Weak like Europe
Colin Ross compares India to Europe to drive home his prediction of a liberated India’s eventual splintering and vulnerability.
Like Europe, India is not one nation, Ross notes, but hosts a variety of peoples and interests who struggle to identify common interests. Great Britain, meanwhile, is equated to the dying Roman empire, whose “quarrelsome” [p. 406] subject nations were unleashed after the collapse of imperial power.
Such general comparisons to things back home are Colin Ross’s stock-in-trade. These frequently imprecise analogies are designed to familiarize the faraway. But they also often have the inverse effect of casting German politics in a more dramatic light. For example, Ross details at length how vulnerable a non-united India would be to both ethnic dissension (of the Muslim population) and military invasion (from Afghanistan or China). What does that portend for a Europe that is similarly divided against herself?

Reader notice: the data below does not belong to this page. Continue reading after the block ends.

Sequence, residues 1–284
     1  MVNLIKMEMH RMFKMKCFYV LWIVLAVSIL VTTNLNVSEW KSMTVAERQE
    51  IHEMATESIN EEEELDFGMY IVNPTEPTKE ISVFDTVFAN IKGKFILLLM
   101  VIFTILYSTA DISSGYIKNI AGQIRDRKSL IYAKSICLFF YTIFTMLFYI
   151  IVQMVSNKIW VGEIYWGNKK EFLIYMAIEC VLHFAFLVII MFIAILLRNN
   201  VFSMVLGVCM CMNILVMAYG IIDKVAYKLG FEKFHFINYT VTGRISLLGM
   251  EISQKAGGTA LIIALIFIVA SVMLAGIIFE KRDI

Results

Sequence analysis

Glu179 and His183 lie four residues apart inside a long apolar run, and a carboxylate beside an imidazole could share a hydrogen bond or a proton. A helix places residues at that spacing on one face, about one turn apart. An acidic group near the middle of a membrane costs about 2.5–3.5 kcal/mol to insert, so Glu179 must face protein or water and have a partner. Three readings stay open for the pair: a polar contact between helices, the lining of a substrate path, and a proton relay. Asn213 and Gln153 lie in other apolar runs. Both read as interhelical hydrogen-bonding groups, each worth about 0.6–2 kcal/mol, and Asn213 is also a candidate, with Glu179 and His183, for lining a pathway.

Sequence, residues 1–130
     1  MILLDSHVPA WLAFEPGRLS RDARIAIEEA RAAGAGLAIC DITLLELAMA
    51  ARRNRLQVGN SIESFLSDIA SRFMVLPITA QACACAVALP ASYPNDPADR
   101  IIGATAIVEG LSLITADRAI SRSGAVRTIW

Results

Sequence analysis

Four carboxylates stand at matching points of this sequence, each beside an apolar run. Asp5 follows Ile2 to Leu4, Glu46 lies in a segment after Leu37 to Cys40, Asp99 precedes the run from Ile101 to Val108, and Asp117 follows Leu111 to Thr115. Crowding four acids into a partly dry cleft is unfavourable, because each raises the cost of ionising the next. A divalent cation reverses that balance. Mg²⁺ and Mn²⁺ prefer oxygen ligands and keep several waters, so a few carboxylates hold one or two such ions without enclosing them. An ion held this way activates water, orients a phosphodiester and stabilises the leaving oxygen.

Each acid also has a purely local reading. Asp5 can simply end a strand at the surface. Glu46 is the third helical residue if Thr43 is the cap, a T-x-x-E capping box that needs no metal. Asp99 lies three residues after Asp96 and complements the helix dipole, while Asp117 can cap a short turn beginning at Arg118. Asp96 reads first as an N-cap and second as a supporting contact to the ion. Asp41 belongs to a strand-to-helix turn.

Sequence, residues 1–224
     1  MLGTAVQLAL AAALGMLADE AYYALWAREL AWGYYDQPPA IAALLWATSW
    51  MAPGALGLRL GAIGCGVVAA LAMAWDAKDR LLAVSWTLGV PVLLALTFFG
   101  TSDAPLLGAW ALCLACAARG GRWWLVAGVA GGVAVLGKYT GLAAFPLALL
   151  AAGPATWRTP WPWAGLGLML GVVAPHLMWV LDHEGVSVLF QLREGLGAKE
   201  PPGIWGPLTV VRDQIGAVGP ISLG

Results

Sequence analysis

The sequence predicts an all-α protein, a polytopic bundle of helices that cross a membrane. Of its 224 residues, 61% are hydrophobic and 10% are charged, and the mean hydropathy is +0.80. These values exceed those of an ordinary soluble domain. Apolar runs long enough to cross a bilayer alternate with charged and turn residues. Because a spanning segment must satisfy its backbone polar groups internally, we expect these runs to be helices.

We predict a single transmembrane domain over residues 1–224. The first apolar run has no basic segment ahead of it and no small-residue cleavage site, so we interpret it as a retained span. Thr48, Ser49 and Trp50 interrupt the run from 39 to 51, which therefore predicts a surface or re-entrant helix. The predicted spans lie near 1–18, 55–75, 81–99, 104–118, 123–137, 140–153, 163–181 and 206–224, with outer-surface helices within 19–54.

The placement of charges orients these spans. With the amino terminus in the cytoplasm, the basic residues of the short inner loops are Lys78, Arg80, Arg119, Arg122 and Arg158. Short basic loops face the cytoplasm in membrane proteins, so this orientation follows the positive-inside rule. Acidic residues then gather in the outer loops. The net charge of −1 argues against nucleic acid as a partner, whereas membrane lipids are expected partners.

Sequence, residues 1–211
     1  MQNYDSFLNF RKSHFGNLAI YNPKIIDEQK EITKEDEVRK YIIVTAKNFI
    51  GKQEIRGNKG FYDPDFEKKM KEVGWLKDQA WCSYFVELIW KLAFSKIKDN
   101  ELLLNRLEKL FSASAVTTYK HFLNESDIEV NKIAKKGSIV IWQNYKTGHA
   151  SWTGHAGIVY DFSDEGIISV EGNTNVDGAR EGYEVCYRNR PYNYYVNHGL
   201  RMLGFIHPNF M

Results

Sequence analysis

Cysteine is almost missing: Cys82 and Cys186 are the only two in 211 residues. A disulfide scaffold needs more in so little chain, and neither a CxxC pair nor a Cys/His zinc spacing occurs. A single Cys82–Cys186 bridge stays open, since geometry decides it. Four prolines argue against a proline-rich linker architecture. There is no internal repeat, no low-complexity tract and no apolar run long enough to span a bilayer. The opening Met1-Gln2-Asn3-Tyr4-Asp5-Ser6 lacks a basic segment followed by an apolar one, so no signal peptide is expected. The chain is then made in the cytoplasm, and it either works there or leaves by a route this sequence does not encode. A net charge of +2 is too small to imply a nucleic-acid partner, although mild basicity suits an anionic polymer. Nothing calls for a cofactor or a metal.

The concept of pan-Europe as advocated by Richard Nikolaus Coudenhove-Kalergi is mentioned, not without sympathy, as “a remote ideal”. [p. 406] After his return to Germany in 1930, Ross would follow through on this. He traveled through Europe and wrote articles in which he pleaded for some measure of European unity and reconciliation. The referenced article exemplifies such reasoning, down to the comparison with India.
Colin Ross. [Excerpt from] Things Seen in India. The Living Age: 1930 Jun 1; 405–7.
Case: Oceania-Asia trip 1928-30
1 Colin Ross. Europa G. m. b. H. Sein oder Nichtsein eines ganzen Erdteils. Berliner Morgenpost: 1931 Feb 26; 49; 1–2. See also: Colin Ross. Deutsch-französische Psychose. Berliner Morgenpost: 1931 Jul 26; 177; 1–2. See Library.